Five + one II

In the second of a two-part interview, B Rama Raju, CEO of Indian services challenger Satyam, talks about how enterprises in the Middle East and elsewhere perceive IT, and Satyam's own plans for the region.

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By  Eliot Beer Published  April 12, 2008

Hardware, no problem - but if you don't have a good software to run on this.

But things have changed quite dramatically in the last few years - we are seeing companies starting to invest in information technology, because it has become a necessity.

In a globalised world, either you compete with the best or you're out of business. So when that is the case, you have to make sure that you have access to information, information should be at your fingertips so you can take decisions faster.

But if you don't have proper systems, you are at a disadvantage compared to well-prepared companies.

I think this absolutely applies to the Middle East as well. My impression now is that more and more companies here are making investments, so they can become more competitive in whatever they do.

There is a hardware bias in the Middle East - companies are setting up their infrastructures, their datacentres. But the services component is increasing - this is where we play.

The Middle East is moving from one generation to the next - the same thing that we saw in India.

Enterprises used to be implementing ERPs or developing applications, but now higher level services are being provided - they're even talking about the complete outsourcing of IT.

Some international vendors, for example Cisco, have embarked on very ambitious expansion plans in the Middle East - is this something Satyam is looking at?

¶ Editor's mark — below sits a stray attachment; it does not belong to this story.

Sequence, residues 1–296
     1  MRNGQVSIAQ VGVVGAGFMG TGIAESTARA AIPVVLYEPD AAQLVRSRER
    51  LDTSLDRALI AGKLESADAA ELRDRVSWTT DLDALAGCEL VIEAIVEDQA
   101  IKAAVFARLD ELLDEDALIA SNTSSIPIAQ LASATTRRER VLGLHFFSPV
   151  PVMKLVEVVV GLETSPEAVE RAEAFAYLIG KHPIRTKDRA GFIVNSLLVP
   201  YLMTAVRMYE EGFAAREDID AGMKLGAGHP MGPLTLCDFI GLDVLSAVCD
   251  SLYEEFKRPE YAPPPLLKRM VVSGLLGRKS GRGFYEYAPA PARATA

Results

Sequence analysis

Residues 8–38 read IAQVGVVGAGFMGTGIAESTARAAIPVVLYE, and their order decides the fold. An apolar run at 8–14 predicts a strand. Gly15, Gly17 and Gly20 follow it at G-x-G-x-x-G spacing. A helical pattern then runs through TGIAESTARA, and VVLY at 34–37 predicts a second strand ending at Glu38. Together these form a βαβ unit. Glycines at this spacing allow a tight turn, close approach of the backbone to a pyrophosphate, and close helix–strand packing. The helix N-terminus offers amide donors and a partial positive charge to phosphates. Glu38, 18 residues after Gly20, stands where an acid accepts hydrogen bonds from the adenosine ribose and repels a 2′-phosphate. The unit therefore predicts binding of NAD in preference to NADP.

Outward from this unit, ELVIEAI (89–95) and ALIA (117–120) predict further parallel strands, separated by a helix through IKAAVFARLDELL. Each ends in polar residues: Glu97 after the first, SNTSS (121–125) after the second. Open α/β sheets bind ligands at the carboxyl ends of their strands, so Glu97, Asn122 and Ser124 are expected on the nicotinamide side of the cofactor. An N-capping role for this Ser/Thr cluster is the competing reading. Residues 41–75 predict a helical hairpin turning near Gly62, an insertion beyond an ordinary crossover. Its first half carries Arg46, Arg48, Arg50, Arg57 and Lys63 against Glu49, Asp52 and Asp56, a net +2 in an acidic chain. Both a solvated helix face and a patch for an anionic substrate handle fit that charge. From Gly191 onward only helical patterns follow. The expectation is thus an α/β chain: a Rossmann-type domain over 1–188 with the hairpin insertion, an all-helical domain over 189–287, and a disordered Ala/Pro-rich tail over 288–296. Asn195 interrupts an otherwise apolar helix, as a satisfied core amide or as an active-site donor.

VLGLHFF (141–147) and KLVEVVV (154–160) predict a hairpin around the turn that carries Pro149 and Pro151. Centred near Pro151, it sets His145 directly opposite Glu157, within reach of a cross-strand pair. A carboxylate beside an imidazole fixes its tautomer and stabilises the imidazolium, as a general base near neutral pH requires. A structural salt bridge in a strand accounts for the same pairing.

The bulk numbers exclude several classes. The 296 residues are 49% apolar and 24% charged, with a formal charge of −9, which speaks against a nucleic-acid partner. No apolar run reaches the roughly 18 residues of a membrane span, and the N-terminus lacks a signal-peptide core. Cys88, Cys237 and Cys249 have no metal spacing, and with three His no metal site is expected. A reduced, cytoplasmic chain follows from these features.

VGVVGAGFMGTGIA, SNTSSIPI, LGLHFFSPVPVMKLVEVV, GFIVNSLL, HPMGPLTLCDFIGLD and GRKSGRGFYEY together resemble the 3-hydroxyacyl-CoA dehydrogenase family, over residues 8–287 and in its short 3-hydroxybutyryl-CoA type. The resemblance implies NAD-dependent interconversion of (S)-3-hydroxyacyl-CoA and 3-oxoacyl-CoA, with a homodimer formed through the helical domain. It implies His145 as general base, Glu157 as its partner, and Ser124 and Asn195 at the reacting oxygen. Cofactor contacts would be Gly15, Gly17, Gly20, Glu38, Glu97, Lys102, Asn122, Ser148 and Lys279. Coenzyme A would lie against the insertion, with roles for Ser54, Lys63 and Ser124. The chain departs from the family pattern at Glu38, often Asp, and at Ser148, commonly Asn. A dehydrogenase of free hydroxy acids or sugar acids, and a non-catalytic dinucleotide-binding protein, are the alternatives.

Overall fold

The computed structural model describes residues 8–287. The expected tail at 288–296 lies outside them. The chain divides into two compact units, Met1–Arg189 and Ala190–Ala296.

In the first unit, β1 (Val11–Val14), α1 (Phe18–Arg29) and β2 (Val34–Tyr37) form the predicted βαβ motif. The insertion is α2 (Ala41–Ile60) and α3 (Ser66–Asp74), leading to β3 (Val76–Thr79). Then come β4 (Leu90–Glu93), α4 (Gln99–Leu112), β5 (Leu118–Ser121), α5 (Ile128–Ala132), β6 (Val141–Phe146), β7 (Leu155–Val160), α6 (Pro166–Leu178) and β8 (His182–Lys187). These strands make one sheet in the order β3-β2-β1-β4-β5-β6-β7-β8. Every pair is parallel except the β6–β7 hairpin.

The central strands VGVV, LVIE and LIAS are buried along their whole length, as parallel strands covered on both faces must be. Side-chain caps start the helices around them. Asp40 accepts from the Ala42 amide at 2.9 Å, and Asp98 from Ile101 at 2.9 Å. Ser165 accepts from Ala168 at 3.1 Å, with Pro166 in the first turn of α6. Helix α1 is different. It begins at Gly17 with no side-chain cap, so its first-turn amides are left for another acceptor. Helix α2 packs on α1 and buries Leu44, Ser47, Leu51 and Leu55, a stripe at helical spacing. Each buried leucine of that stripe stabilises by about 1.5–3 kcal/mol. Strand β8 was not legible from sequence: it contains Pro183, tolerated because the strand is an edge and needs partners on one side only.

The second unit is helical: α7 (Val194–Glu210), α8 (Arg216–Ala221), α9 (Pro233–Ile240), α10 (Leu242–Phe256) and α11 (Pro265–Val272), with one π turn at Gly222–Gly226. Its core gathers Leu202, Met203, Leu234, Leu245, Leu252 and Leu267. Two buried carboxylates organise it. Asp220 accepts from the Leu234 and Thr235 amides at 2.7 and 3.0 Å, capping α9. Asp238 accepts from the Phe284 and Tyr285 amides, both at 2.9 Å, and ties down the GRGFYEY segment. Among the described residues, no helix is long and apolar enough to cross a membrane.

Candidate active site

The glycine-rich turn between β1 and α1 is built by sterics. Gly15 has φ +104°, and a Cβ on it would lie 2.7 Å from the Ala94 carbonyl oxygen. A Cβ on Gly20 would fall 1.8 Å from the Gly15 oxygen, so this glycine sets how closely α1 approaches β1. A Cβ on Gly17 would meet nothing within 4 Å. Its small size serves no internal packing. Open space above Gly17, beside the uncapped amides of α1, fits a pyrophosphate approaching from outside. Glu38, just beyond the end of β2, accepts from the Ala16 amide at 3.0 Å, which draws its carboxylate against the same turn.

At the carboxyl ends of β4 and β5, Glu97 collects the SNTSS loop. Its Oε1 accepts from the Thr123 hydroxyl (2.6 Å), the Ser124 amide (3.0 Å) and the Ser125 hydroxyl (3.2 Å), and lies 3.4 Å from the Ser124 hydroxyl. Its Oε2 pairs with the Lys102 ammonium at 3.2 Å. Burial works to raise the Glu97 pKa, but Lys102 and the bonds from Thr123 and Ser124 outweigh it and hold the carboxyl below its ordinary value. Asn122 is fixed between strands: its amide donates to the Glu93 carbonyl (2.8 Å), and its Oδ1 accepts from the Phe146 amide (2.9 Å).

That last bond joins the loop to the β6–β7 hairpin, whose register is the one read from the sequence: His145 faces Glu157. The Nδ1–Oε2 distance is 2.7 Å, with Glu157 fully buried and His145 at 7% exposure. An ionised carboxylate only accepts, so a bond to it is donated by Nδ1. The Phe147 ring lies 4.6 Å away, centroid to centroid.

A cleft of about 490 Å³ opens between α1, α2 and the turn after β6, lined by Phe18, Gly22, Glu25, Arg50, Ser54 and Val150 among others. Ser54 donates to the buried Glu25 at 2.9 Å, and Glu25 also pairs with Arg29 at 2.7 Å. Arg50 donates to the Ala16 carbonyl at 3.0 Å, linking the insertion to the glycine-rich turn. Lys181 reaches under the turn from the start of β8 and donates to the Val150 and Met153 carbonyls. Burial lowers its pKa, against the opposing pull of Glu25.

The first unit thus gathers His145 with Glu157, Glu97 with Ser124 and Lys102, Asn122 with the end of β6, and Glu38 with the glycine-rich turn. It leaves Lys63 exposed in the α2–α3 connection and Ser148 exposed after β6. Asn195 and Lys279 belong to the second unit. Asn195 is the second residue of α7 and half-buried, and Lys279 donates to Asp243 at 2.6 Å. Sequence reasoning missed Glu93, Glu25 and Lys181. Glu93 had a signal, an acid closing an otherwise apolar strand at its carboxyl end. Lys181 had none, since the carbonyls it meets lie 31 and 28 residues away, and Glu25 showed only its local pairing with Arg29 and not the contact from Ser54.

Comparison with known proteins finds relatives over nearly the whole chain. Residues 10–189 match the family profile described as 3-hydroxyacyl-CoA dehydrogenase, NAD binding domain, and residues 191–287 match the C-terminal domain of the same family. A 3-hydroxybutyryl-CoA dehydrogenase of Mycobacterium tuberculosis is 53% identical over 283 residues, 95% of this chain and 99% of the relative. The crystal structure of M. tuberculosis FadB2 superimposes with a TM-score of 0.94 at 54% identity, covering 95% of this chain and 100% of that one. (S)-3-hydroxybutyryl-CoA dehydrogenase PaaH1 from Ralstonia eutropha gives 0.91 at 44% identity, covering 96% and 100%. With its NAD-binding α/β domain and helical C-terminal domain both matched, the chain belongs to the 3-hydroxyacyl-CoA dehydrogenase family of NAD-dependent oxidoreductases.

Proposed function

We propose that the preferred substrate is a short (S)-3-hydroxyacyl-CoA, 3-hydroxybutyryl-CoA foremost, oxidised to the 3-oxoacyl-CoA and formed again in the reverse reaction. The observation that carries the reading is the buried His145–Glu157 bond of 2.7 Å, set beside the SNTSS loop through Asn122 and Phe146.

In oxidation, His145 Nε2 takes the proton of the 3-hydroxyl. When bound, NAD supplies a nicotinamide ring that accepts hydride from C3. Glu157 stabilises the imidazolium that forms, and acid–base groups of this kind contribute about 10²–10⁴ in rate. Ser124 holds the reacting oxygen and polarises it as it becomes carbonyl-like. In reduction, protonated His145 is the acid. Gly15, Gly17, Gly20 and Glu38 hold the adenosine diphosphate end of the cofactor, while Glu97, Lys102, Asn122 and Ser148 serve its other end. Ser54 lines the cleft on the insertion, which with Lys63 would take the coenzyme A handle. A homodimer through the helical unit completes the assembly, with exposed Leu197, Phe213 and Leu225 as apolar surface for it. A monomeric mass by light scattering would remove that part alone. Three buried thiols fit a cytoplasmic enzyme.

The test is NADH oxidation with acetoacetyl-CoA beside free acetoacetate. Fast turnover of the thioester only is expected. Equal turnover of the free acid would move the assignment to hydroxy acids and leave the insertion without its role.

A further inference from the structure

Mentioning Cisco, John Chambers was in India not long ago - Satyam has signed a joint venture with Cisco in the healthcare space. Cisco is going to be our communications partner, because there is so much to do in the healthcare services space.

What you say is absolutely right - their focus is absolutely on the Middle East, and they have a lot of big things happening in Saudi Arabia. Cisco is talking about big projects, and this is the same in the rest of the Gulf as well.

As for Satyam, among our Indian competitors we have the strongest presence in the Middle East - we would like the leadership position here, and we want to make the necessary investments so that we are there when the customers come to us, looking for the kind of help we can provide.

Do you have any figures or projections for the amount of business you hope to do in the Middle East?

Apart from the number of offices - we've recently opened offices in Bahrain and Jordan - Egypt is something which is working out quite well. We aim to have a 300-person development centre there by the first quarter of 2008, and there is going to be a near-shore for our operations here.

There are a lot of bilingual resources here, and at least to my mind this can grow much bigger.

Things are looking very good - the kind of growth you're seeing in all the sectors, especially in the UAE.

Most of the customers we're working with are so used to seeing India as a source of services - now they're looking at it as a business opportunity, somewhere to sell their goods and services.

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